+not `/usr/local'. It is recommended to use the following options:
+ ./configure --prefix=/boot/common
Specifying the System Type
- There may be some features `configure' can not figure out
-automatically, but needs to determine by the type of host the package
-will run on. Usually `configure' can figure that out, but if it prints
-a message saying it can not guess the host type, give it the
-`--host=TYPE' option. TYPE can either be a short name for the system
-type, such as `sun4', or a canonical name with three fields:
+ There may be some features `configure' cannot figure out
+automatically, but needs to determine by the type of machine the package
+will run on. Usually, assuming the package is built to be run on the
+_same_ architectures, `configure' can figure that out, but if it prints
+a message saying it cannot guess the machine type, give it the
+`--build=TYPE' option. TYPE can either be a short name for the system
+type, such as `sun4', or a canonical name which has the form:
-See the file `config.sub' for the possible values of each field. If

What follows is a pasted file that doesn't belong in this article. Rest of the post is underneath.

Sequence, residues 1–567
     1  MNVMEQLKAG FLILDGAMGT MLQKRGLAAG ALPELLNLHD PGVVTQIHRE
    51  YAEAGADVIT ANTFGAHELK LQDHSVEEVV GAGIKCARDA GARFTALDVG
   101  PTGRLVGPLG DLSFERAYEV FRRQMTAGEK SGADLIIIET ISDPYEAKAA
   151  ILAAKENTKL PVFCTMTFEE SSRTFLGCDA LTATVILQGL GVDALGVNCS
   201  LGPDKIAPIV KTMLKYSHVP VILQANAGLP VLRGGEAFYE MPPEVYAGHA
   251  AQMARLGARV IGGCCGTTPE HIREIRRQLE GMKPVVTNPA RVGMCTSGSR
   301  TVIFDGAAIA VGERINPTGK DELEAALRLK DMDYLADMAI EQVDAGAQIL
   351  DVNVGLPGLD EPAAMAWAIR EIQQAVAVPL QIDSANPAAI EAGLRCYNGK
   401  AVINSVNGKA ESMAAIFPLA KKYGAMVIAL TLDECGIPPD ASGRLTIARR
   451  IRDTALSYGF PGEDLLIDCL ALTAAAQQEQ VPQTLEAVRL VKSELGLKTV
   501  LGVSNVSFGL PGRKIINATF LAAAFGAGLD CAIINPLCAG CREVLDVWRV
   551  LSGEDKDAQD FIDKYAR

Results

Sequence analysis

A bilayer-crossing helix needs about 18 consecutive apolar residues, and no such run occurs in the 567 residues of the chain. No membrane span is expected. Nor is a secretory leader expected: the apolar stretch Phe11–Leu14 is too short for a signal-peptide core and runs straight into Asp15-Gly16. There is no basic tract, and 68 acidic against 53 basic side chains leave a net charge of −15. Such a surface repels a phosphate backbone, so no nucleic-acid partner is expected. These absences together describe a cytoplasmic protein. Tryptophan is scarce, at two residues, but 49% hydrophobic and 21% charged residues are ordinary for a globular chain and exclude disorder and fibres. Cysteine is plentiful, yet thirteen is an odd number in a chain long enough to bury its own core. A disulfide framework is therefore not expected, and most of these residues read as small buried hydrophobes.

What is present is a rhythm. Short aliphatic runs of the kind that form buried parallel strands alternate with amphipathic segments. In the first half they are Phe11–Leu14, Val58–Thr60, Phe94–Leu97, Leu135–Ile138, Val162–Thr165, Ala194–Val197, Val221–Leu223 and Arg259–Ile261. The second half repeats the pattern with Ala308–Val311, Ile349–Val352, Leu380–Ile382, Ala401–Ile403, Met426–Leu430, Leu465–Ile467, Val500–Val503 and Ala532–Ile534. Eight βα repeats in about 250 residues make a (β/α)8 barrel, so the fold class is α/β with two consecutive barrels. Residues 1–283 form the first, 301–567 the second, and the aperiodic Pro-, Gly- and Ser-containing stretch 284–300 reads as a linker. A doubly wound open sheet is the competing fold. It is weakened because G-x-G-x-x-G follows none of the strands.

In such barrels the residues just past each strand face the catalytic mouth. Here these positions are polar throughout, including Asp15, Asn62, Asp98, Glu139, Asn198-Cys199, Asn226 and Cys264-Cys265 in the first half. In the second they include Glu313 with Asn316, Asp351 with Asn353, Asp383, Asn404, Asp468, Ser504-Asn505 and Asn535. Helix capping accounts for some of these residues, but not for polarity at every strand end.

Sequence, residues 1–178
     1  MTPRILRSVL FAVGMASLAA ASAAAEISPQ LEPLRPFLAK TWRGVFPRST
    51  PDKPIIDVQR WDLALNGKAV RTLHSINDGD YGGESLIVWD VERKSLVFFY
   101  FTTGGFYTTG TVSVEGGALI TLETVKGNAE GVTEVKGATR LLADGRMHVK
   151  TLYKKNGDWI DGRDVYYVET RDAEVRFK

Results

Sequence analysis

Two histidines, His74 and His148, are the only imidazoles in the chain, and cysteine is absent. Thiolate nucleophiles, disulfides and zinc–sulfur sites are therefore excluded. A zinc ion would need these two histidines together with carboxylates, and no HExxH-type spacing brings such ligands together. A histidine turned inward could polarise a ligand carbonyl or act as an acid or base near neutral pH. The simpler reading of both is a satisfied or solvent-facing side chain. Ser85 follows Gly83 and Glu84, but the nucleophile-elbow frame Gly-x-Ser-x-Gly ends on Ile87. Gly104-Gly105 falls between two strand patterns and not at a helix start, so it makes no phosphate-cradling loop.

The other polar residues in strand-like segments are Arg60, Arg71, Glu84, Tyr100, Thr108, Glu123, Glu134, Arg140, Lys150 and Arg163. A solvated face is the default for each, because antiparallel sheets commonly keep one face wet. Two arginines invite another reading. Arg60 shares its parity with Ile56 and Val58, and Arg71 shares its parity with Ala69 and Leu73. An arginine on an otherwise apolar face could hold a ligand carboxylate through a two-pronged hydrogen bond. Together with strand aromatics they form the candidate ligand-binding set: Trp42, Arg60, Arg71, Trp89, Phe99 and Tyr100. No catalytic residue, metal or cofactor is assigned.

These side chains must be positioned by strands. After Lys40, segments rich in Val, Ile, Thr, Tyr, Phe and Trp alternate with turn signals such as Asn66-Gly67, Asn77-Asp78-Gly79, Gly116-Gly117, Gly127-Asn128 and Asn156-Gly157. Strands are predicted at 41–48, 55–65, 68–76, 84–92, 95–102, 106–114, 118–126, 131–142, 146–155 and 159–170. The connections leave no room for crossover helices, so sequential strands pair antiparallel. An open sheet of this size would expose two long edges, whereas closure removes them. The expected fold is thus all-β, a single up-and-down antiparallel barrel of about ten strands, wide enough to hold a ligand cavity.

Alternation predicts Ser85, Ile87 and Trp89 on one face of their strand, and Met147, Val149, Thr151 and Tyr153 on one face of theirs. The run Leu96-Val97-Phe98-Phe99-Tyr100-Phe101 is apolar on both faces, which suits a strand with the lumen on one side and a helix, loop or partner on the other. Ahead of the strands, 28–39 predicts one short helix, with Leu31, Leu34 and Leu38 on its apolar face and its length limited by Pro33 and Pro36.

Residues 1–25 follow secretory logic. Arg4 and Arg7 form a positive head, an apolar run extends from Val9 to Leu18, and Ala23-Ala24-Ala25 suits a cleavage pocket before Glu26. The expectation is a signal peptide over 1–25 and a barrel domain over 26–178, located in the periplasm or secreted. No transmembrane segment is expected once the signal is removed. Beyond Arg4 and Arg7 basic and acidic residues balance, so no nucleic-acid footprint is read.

+where SYSTEM can have one of these forms:
+ See the file `config.sub' for the possible values of each field. If
`config.sub' isn't included in this package, then this package doesn't
-need to know the host type.
+need to know the machine type.
- If you are building compiler tools for cross-compiling, you can also
-use the `--target=TYPE' option to select the type of system they will
-produce code for and the `--build=TYPE' option to select the type of
-system on which you are compiling the package.
+ If you are _building_ compiler tools for cross-compiling, you should
+use the option `--target=TYPE' to select the type of system they will
+produce code for.
+ If you want to _use_ a cross compiler, that generates code for a
+platform different from the build platform, you should specify the
+"host" platform (i.e., that on which the generated programs will
+eventually be run) with `--host=TYPE'.
@@ -150,19 +226,55 @@ default values for variables like `CC', `cache_file', and `prefix'.
`CONFIG_SITE' environment variable to the location of the site script.